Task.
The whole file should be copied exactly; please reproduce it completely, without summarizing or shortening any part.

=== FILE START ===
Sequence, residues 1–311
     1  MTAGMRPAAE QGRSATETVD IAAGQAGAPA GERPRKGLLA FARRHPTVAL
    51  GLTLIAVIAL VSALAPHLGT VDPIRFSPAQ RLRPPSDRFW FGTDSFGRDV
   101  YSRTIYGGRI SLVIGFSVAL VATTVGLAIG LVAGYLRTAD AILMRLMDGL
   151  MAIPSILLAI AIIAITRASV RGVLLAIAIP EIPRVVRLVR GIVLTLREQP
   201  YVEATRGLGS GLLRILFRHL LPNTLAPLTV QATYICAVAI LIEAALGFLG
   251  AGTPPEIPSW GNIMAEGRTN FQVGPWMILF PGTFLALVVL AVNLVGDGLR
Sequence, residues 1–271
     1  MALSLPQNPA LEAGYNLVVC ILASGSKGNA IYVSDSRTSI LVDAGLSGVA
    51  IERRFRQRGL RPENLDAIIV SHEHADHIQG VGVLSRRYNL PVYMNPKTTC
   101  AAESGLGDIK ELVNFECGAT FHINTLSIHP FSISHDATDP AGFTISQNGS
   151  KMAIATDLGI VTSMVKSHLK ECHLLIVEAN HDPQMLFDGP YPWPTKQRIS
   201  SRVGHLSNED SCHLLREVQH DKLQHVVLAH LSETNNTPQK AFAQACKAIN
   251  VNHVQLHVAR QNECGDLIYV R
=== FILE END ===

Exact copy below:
Sequence, residues 1–311
     1  MTAGMRPAAE QGRSATETVD IAAGQAGAPA GERPRKGLLA FARRHPTVAL
    51  GLTLIAVIAL VSALAPHLGT VDPIRFSPAQ RLRPPSDRFW FGTDSFGRDV
   101  YSRTIYGGRI SLVIGFSVAL VATTVGLAIG LVAGYLRTAD AILMRLMDGL
   151  MAIPSILLAI AIIAITRASV RGVLLAIAIP EIPRVVRLVR GIVLTLREQP
   201  YVEATRGLGS GLLRILFRHL LPNTLAPLTV QATYICAVAI LIEAALGFLG
   251  AGTPPEIPSW GNIMAEGRTN FQVGPWMILF PGTFLALVVL AVNLVGDGLR
Sequence, residues 1–271
     1  MALSLPQNPA LEAGYNLVVC ILASGSKGNA IYVSDSRTSI LVDAGLSGVA
    51  IERRFRQRGL RPENLDAIIV SHEHADHIQG VGVLSRRYNL PVYMNPKTTC
   101  AAESGLGDIK ELVNFECGAT FHINTLSIHP FSISHDATDP AGFTISQNGS
   151  KMAIATDLGI VTSMVKSHLK ECHLLIVEAN HDPQMLFDGP YPWPTKQRIS
   201  SRVGHLSNED SCHLLREVQH DKLQHVVLAH LSETNNTPQK AFAQACKAIN
   251  VNHVQLHVAR QNECGDLIYV R